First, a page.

Danish feed group BioMar saw earnings sink 6.3 percent last year as it continued to battle global price increases in raw material, logistics and energy.

The group posted earnings before interest, taxes, depreciation, and amortization (EBITDA) of DKK 911 million (€122.5 million/$133.6 million) in 2021, despite revenue climbing 14 percent to DKK 13.3 billion (€1.8 billion/$2 billion).

BioMar said the improvement in revenue was due to an 8 percent increase in volumes sold compared with 2020, mainly driven by the salmon division and the shrimp business in Latin America.

Boston Breakfast: Join DnB, Cooke, Slade Gorton and more
Join IntraFish and top executives from Cooke, Slate Gorton and DnB for an exclusive leadership breakfast and panel discussion, live and in person.

The company said international commodity markets and supply chains continued to be characterized by instability during the year, which made it difficult to operate as efficiently as it would have liked.

Meanwhile, raw material prices and freight and energy costs increased at a pace not witnessed for years.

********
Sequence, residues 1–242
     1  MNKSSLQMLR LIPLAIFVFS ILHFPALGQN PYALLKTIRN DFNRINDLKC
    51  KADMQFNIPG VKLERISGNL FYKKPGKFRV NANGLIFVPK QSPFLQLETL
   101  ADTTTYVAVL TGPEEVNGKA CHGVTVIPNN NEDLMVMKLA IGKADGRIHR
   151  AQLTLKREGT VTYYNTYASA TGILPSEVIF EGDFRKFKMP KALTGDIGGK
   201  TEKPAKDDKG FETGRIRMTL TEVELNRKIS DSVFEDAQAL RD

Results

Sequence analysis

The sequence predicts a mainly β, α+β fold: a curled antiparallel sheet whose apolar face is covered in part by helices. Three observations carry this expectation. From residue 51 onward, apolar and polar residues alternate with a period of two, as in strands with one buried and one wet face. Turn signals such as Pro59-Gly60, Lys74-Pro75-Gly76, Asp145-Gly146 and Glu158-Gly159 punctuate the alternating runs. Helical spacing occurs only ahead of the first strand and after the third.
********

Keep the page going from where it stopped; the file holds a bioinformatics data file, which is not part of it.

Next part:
“The entire year was marked by challenges in fully offsetting the sharp rise in prices of raw materials and the increase in freight and energy costs,” said BioMar.

Additionally, disruptions to the supply of raw materials resulted in higher recipe costs and increased logistics costs in certain markets.

However, performance strengthened thanks to strong sales in the latter part of the year, resulting in a 3 percent increase in EBITDA to DKK 274 million (€36.8 million/$40.2 million) in the fourth quarter of 2021.

“We along with all other feed producers are challenged by a situation no one has even seen before,” said Carlos Diaz, CEO of BioMar Group.

“Energy prices has been going through the roof, raw material prices have increased significantly, and logistic costs are at level we have never seen.”

Diaz said the company is working with customers to find “sustainable commercial solutions” but will probably need to look into a new generation of contracts in which the volatility of the markets is taken into account.

Currently, the most significant impact of the COVID-19 pandemic is the surge in prices of raw materials and in freight and energy costs and the significant challenges relating to the supply of important raw materials.

"This affects all of BioMar’s markets to varying degrees and puts earnings under pressure, as it is not always possible to fully pass on the increased costs to selling prices," said the company.